Within conversations about race, math teacher Benjamin Kafoglis does not want to create a situation where white students unintentionally offend students of color. “As white people, we often say racist things without realizing it,” he said. “I wouldn’t want a discussion to lead to more harm for people in my class — that’s often my greatest concern.”
Theater teacher Benjamin Posner has found that his identity as a white man makes him feel unqualified to lead conversations about race and racism at times. “I’m a total novice,” he said. “It’s uncomfortable for me, because these conversations make me realize that I am complicit at times in perpetuating systemic racism because I haven’t done anything about it.”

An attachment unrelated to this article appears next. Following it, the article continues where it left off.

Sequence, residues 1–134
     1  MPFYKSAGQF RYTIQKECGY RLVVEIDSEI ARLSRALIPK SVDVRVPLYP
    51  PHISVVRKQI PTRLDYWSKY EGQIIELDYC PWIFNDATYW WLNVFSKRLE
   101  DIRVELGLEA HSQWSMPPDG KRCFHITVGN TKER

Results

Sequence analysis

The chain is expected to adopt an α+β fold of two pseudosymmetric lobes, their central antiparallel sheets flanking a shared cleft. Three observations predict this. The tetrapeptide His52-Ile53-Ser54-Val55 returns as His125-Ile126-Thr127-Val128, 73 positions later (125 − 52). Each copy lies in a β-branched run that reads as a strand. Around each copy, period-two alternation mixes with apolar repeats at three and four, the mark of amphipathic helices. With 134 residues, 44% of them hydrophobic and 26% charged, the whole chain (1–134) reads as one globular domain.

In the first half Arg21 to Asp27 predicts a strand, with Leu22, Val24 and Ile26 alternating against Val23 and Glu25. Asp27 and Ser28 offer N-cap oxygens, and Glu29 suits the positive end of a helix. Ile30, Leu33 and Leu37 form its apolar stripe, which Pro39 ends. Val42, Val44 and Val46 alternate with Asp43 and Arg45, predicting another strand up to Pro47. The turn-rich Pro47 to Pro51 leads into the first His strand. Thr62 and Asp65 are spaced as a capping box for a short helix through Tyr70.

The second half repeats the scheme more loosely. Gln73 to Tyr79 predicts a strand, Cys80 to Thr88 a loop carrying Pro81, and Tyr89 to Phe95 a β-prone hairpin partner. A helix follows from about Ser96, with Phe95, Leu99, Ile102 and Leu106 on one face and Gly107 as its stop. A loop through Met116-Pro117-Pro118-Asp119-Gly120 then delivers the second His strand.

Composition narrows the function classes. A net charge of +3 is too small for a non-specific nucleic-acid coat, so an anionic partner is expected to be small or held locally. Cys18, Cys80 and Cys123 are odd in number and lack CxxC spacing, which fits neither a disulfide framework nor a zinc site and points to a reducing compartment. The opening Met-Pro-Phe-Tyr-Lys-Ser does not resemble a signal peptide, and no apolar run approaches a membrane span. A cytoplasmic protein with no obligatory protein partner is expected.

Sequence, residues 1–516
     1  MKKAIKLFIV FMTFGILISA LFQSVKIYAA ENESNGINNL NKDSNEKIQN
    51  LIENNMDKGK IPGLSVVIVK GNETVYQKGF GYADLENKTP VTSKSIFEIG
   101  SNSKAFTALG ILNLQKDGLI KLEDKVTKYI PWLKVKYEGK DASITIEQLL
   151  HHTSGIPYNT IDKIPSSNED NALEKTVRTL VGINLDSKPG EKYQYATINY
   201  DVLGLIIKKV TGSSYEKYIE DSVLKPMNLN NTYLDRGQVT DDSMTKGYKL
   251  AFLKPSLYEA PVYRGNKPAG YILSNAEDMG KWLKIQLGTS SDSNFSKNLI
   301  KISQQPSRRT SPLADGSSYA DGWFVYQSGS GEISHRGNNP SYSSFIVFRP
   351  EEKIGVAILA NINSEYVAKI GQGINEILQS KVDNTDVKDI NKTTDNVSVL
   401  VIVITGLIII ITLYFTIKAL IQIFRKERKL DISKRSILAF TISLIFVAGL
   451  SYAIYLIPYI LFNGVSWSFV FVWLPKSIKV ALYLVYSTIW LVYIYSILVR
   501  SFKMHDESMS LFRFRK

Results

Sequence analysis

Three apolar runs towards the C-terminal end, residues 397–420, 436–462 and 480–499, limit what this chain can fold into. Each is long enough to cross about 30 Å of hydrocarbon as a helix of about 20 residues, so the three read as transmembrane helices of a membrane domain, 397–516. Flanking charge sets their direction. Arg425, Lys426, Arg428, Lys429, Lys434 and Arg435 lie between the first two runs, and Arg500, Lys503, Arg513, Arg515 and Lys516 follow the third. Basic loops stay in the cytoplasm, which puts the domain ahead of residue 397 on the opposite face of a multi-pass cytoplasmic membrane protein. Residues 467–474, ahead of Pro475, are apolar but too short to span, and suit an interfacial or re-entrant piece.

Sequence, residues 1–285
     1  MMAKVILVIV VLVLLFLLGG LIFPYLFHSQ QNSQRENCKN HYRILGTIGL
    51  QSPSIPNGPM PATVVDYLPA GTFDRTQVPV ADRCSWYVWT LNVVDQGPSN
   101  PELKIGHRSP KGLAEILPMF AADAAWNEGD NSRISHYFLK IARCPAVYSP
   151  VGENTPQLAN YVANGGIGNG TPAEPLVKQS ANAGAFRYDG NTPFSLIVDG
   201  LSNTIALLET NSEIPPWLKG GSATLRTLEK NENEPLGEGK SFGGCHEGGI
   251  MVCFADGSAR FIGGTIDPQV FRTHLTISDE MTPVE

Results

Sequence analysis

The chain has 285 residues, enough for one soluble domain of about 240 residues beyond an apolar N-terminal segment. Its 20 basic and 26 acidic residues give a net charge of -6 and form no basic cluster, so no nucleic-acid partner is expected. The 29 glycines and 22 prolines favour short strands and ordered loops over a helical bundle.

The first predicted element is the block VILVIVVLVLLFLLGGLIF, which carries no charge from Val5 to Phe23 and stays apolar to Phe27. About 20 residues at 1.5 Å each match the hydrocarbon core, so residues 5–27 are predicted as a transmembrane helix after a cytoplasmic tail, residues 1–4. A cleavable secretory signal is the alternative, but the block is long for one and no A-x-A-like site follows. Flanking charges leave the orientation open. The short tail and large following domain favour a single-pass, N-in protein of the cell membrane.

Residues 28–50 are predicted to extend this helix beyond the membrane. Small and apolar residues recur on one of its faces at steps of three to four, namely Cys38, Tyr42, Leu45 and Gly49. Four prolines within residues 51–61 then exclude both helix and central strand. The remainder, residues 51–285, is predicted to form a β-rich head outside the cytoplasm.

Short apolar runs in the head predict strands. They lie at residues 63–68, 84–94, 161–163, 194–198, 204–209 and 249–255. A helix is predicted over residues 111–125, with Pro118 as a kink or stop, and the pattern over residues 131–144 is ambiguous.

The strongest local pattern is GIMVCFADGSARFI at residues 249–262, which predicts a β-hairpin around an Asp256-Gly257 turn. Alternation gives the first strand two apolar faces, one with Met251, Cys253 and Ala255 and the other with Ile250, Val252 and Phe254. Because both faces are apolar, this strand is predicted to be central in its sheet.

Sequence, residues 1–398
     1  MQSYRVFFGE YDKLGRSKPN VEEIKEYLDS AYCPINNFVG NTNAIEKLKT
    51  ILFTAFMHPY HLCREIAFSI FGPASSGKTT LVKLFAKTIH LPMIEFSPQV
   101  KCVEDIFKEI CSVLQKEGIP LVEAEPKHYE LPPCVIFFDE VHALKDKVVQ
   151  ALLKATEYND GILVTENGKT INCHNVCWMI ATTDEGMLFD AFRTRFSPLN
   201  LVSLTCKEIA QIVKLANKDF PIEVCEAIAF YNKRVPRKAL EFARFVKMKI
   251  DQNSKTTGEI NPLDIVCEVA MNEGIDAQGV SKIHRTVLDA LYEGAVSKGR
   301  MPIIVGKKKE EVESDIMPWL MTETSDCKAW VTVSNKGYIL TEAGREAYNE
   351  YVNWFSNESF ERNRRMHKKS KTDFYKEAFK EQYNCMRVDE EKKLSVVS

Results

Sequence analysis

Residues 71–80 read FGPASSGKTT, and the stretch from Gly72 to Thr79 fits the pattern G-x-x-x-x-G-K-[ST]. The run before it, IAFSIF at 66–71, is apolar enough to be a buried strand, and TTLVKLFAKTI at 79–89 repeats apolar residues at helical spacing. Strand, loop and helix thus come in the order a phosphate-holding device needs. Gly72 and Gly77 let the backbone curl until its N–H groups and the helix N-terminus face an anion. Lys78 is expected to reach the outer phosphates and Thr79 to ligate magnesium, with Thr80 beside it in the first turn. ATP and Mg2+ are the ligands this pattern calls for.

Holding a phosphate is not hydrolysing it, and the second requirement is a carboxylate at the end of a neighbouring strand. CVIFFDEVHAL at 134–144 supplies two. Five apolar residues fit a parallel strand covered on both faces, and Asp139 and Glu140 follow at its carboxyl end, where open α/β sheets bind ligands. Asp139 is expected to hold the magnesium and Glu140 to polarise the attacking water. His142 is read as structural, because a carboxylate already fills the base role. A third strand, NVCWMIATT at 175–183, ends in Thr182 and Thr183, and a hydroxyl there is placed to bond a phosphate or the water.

History teacher Dr. Ellen Bales, who identifies as white, feels that historical knowledge and expertise can lessen the discomfort around discussions of race in her class, she said. “These conversations don’t rely on the teacher having the identity of the group of people whose experience we’re talking about,” she said. “They rely on the teacher to be scrupulously honest and say there are limits to my knowledge.”
Without a background in the subject, science teacher George Epstein does not always feel like he is qualified to lead discussions about race, he said. For example, after the Grand Jury’s ruling in September to not indict the cops involved in Breonna Taylor’s murder, Epstein did not feel like he had the expertise to lead a conversation about it, he said. “I did not feel like I was necessarily the right person or the correct person to facilitate a full group discussion, at least not on my own.” As a result, his class did not have a group discussion about the incident.